Our Voice: Thanks for things that last and for things that change

We all have to adapt to change. Even things that stay the same, such as a marriage. Both people are constantly adapting to each other and, we hope, falling in love all over again.

Things can't stay the way they are.

Long-term relationships

Half of our country's marriages end in divorce. So it's especially impressive when a couple can hold it together for several decades.

On Valentines Day, two couples who have passed their 60th anniversaries were featured in the Tri-City Herald. A few weeks back, a Mid-Columbia couple was featured in Redbook magazine in celebration of their 50th anniversary.

We're sure there are many more enduring marriages.

For people to stay together for a long time, there has to be more than love. There has to be forgiveness and fun, communication and compassion. There is an art in making a marriage last.

We're thankful for the examples of people who put the necessary effort into their relationships.

A recent survey in Great Britain showed that marriage is more important for our well being than making a six-figure salary or our religion. It also showed that married couples are happier than co-habitating unmarried couples.

Of course, other factors certainly play into a person's happiness. But marriage shouldn't be discounted.

Congratulations to Ed and Celeste Allen, Jim and Bev Simpkin and Artis and Burt Vaughan -- and to everyone else out there who is trying to make it work, whether you're going on 60 years or six months.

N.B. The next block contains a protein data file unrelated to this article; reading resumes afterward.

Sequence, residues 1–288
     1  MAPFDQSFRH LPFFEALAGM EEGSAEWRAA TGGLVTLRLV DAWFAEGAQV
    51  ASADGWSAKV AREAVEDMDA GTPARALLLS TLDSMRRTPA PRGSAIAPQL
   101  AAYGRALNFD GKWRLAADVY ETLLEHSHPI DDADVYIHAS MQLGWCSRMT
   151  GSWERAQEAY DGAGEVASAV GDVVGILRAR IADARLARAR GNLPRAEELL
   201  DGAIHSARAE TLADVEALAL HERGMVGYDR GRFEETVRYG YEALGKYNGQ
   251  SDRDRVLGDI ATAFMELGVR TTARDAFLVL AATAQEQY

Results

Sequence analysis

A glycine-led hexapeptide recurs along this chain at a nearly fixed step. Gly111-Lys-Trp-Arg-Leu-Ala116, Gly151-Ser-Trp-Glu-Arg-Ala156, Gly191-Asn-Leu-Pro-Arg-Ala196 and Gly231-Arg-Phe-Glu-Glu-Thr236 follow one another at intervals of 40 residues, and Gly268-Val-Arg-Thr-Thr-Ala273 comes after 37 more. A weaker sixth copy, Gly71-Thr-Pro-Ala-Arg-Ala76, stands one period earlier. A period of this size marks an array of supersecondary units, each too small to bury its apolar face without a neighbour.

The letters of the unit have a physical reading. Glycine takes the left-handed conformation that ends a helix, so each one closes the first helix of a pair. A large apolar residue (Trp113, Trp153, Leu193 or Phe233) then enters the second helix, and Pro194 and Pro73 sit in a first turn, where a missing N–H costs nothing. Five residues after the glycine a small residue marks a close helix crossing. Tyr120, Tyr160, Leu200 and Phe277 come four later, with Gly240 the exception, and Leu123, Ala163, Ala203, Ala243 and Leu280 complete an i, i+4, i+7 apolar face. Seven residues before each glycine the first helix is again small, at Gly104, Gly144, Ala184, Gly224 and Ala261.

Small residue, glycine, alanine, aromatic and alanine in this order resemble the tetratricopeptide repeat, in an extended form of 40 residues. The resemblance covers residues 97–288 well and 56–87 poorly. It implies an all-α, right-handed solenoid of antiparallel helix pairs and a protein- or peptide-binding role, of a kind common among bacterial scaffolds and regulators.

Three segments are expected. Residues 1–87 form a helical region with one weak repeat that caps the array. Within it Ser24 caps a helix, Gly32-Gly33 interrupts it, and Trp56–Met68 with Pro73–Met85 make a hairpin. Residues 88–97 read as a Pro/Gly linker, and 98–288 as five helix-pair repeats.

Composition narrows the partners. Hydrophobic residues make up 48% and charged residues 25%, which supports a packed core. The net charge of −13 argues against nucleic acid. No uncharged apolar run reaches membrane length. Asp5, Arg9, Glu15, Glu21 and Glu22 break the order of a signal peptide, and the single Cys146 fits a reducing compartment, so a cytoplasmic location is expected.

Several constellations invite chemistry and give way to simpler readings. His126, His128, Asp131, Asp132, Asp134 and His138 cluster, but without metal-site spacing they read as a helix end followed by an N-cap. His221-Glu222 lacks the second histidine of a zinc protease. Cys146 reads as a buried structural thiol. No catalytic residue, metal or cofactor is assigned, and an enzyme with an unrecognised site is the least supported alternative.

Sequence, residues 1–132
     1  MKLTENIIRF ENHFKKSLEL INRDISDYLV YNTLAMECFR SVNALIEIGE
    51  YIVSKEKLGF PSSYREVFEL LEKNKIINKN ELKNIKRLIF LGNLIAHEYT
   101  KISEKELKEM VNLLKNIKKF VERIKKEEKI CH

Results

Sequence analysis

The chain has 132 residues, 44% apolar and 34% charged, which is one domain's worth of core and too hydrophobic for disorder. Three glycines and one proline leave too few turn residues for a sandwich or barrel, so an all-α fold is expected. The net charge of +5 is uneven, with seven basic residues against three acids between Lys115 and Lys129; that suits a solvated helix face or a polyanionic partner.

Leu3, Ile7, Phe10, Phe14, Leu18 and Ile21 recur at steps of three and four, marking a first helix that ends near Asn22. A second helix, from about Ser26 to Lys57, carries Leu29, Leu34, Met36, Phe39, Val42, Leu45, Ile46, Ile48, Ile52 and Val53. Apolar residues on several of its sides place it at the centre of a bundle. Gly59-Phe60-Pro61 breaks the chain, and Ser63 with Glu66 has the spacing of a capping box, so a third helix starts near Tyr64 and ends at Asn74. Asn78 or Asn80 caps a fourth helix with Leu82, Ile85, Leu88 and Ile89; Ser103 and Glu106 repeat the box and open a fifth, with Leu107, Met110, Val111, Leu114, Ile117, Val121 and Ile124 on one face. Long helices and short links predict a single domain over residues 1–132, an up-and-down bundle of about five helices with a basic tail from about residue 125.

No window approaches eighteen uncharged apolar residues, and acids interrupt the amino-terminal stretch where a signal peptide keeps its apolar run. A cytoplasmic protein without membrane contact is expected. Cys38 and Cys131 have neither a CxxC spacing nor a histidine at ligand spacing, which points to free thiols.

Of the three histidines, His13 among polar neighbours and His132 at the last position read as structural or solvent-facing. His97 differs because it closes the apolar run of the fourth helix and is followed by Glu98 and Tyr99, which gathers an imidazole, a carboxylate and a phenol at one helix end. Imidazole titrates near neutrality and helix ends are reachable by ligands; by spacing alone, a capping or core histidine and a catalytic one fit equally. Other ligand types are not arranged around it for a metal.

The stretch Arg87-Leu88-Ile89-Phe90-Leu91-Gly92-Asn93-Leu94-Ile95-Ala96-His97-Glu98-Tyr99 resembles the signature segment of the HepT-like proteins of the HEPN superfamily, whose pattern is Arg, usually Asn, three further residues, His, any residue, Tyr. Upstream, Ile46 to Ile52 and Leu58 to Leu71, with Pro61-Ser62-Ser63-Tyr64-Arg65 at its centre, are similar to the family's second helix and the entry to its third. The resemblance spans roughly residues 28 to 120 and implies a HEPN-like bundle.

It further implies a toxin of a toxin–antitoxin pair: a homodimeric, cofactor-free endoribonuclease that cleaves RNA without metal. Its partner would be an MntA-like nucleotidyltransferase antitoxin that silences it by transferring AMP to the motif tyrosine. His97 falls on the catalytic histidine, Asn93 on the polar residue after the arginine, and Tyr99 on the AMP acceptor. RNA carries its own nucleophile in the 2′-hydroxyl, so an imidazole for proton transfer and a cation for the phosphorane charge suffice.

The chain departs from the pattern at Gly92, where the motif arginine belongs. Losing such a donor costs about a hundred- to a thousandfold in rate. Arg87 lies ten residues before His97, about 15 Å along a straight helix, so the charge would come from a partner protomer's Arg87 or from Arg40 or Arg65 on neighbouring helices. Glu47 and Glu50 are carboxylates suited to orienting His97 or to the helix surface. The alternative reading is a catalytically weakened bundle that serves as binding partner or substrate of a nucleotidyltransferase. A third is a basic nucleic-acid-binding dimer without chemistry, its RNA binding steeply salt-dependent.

Women wrestlers

There still are people who would prefer that girls not wrestle. Perhaps they should stick with tatting or some yard croquet.

We're not really sure what the reasoning is behind that line of thinking. Perhaps wrestling isn't feminine enough for them.

But after almost two weeks of watching Olympic athletes of both genders excel on the ice and snow, it's pretty hard to make the argument that some sports are for men only -- or for women only.

Andrea Yamamoto was one of the first female high school wrestlers in the Tri-Cities. That was almost 30 years ago. Today she is a respected wrestling coach.

And today there are more girls on the mat -- even though wrestling still is a male-dominated sport.

Traditions can be good. They hold us together as a community. But change also is good. Someone has to be the first one to pioneer those changes.

We're grateful for people who are willing to take the lead.